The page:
Have you seen the recent Kindle commercials? In one commercial, you see a young woman reading a traditional book, and in the other she’s carrying a large bag on her way to shop for books. In both commercials a young man shows her the advantages of the Kindle. Not to be outdone, she tells him the advantages of the traditional book--things like being able to bend page corners to mark her place, or lug around a heavy bag of books! Now, those of us viewing one of these commercials probably get a laugh from this, but the young man in the commercial doesn’t. Being the calm, rational type, which is the point really, he remains silent until the young woman realizes the absurdity of her preference for traditional books. In one commercial, she drops her book bag, grabs her friend’s Kindle, and starts to read it like it was her own.

The commercials are simple and direct (with a subtle touch of “dumb blond” humor), and the obvious message is that the smart people forget real books and switch to e-book devices. After all, who wouldn’t be impressed by their capacity to download and store hundreds of titles, and their ability to adjust print size? And of course, traveling with e-books is so convenient and light. Yes, the advantages are undeniable to any reasonable person, but is there something to be said for real books? I believe there is, and it has nothing to do with bending page corners.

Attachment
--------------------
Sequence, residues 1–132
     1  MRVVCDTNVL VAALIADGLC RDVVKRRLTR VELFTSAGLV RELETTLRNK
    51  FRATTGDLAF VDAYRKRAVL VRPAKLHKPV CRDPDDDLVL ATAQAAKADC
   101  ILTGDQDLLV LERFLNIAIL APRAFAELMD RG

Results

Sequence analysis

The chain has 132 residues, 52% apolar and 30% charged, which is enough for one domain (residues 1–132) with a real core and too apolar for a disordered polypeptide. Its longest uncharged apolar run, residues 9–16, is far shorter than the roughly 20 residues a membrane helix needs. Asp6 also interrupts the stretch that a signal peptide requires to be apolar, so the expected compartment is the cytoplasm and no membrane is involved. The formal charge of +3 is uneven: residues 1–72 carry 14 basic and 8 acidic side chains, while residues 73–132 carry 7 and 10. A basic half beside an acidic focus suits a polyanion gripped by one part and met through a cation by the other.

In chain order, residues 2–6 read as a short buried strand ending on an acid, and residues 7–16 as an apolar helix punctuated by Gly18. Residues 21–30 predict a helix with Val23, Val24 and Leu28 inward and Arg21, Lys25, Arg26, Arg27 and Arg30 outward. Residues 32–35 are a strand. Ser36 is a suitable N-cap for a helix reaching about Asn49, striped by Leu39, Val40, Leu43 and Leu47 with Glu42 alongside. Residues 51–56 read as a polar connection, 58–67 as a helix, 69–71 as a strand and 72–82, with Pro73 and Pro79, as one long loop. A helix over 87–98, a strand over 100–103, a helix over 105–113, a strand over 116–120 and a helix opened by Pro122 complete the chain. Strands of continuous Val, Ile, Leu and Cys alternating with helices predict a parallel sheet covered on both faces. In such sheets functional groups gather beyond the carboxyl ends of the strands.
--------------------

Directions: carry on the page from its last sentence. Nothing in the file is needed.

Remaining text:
In an effort to help young antiquarian booksellers connect with the global trade in rare books, ILAB (the International League of Antiquarian Booksellers) has launched an internship program. The first two participants completed their internships this past summer and the organization is eager to continue the course.

The idea for the internship program came from Norbert Donhofer, an Austrian bookseller, and Eric Waschke, a Canadian dealer, who visited Moscow in 2009 to welcome the newly formed Russian Association of Antiquarian Booksellers into ILAB. While in Russia, Donhofer and Waschke visited the Moscow State University of the Printing Arts where they actually have a department of antiquarian bookselling. (How cool is that?) The head of that department, Dr. Olga Tarakanova, (a familiar name to collectors of Russian imprints) lamented the lack of opportunities for her students to gain experience outside of Russia.